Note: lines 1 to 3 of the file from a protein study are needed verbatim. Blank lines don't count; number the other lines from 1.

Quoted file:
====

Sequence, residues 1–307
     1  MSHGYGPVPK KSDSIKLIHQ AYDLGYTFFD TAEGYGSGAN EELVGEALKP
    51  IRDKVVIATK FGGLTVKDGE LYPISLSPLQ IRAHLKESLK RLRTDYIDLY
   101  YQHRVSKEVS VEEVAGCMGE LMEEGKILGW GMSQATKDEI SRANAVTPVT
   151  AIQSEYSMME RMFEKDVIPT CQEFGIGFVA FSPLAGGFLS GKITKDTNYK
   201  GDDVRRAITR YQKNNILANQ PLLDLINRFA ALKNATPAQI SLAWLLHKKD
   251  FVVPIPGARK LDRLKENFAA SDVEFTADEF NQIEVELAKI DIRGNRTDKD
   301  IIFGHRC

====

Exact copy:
Sequence, residues 1–307
     1  MSHGYGPVPK KSDSIKLIHQ AYDLGYTFFD TAEGYGSGAN EELVGEALKP
    51  IRDKVVIATK FGGLTVKDGE LYPISLSPLQ IRAHLKESLK RLRTDYIDLY